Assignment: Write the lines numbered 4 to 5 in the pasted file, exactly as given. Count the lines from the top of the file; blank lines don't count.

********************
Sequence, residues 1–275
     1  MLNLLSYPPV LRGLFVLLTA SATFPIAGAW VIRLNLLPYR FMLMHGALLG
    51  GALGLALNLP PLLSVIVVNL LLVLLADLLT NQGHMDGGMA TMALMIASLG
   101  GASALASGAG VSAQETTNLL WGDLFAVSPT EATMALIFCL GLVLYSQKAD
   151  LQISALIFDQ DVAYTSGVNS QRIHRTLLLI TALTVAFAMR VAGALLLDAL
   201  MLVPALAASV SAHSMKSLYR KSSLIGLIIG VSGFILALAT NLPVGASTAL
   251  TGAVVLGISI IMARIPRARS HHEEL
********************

   101  GASALASGAG VSAQETTNLL WGDLFAVSPT EATMALIFCL GLVLYSQKAD
   151  LQISALIFDQ DVAYTSGVNS QRIHRTLLLI TALTVAFAMR VAGALLLDAL